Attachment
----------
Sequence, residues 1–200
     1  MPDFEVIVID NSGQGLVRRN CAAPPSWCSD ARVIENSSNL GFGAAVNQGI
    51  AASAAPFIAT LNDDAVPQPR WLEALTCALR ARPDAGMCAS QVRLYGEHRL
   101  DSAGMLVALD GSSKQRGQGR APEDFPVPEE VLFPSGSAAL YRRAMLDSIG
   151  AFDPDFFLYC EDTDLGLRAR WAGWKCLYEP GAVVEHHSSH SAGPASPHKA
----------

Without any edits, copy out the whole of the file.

Sequence, residues 1–200
     1  MPDFEVIVID NSGQGLVRRN CAAPPSWCSD ARVIENSSNL GFGAAVNQGI
    51  AASAAPFIAT LNDDAVPQPR WLEALTCALR ARPDAGMCAS QVRLYGEHRL
   101  DSAGMLVALD GSSKQRGQGR APEDFPVPEE VLFPSGSAAL YRRAMLDSIG
   151  AFDPDFFLYC EDTDLGLRAR WAGWKCLYEP GAVVEHHSSH SAGPASPHKA